You have reached your limit of free articles this month.

Enjoy unlimited access to myAJC.com

Starting at just 99¢ for 8 weeks.

GREAT REASONS TO SUBSCRIBE TODAY!

  • IN-DEPTH REPORTING
  • INTERACTIVE STORYTELLING
  • NEW TOPICS & COVERAGE
  • ePAPER
X

You have read of premium articles.

Get unlimited access to all of our breaking news, in-depth coverage and bonus content- exclusively for subscribers. Starting at just 99¢ for 8 weeks

X

Welcome to myAJC.com

This subscriber-only site gives you exclusive access to breaking news, in-depth coverage, exclusive interactives and bonus content.

You can read free articles of your choice a month that are only available on myAJC.com.

Wes Moss: Do bonds still belong in your portfolio?


Pity the poor bond, always runner-up to stocks. We refer to “stocks and bonds,” never “bonds and stocks.” Nobody brags at the watercooler about their smart bonds picks.

And, now, bonds are starting to face an even bigger PR problem.

And like a lot of PR problems, the bad headlines may be unfair.

The current upward movement of interest rates has some investors reconsidering bonds. Why? Because interest rates and bond prices move in a seesaw pattern. Rates go up; bond prices fall. This eternal truth has even the most risk-averse folks asking me whether they should get out of bonds.

My answer: Everybody be cool! Yes, these nasty headlines might say it’s time to dump your bonds; but consider the following before making any sudden calls to your financial advisor.

Will interest rates actually continue to rise? Rates have moved steadily upward since this past summer’s historic lows, but they could linger at current levels for some time.

Bonds react differently to rate changes: There are about a dozen bond varieties, all of which react to rising interest rates in unique ways.

Bond stability: Bonds can provide significant price stability when compared to stocks.

I want to address each of these issues, but let’s start with a primer on bonds. Bonds are simply interest-paying IOUs issued by a company or government. When you buy a five-year bond for $10,000, the seller is using the $10,000 for that specific term, while at the same time paying you annual interest. At the end of the term, aka the bond’s maturity, you get your $10,000 back. Over the whole term, you’ve collected $500/year (5 percent on $10,000) in interest. Assuming, of course, that the issuer doesn’t default on the bond.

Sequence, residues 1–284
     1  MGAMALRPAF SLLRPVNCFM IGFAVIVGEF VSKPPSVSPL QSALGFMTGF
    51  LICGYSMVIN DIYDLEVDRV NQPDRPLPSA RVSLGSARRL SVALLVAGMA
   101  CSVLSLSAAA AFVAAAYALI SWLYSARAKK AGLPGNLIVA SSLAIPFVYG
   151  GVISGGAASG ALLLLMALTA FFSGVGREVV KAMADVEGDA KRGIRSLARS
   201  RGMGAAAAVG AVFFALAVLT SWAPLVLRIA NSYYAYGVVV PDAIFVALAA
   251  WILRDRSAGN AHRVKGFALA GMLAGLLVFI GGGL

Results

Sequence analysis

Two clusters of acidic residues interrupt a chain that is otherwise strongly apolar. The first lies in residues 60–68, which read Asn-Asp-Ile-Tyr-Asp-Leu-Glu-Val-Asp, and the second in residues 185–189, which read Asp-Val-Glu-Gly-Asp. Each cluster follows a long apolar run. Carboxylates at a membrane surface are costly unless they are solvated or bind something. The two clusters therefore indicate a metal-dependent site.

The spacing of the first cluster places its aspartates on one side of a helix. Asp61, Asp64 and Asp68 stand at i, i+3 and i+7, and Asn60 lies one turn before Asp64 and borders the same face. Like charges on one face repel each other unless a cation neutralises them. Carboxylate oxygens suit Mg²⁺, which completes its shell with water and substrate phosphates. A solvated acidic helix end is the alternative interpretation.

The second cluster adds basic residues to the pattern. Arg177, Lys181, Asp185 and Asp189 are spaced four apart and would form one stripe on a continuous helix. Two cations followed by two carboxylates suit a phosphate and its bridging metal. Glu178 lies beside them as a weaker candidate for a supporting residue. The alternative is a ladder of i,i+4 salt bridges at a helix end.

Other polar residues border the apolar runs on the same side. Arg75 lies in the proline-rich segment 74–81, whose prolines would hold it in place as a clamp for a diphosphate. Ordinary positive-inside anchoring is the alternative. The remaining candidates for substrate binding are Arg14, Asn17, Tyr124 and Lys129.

Bond default rates vary widely depending on the type of bond. U.S. government bonds are the gold standard of credit. Corporate bonds also generally have a low probability of default, with the average default rate of less than 1/2 of 1 percent over the past 50 years. High-yield or junk bonds are, well, riskier. They have an average 20-year default rate of 3.9 percent.

Will rates actually continue to rise?

At the start of 2014, economists widely believed rates would increase over that year. In reality, rates fell. Such wrongheaded predictions have been common since 2010. I’m not suggesting rates won’t go up from here (10-year U.S. government bonds are yielding roughly 2.5 percent), but predicting interest rates and the fate of the bond market has proved over time to be just as fruitless as predicting the exact peaks and vales of the stock market.

Not all bonds are created equal

A 1 percent rise in interest rates will have very different effects on different bond categories. For instance, very long-term bond prices (30-year U.S. Treasuries) will typically fall 18 percent when interest rates rise 1 percent, while floating rate bond prices normally stay virtually flat during a 1 percent interest rate rise.

Bond stability

Boring ol’ bonds offer a price stability that few other asset classes can provide. A bad month for stocks might mean a 17 percent tumble. A horrific month for bonds could result in a 2.4 percent dip, as we saw in November 2016, the worst month for bonds in 12 years. The right categories of bonds can help dampen wild portfolio swings, regardless of the interest rate environment. Reducing those swings is important, given that knee-jerk, emotional decisions — usually spurred by market dips — are a leading cause of lost portfolio value.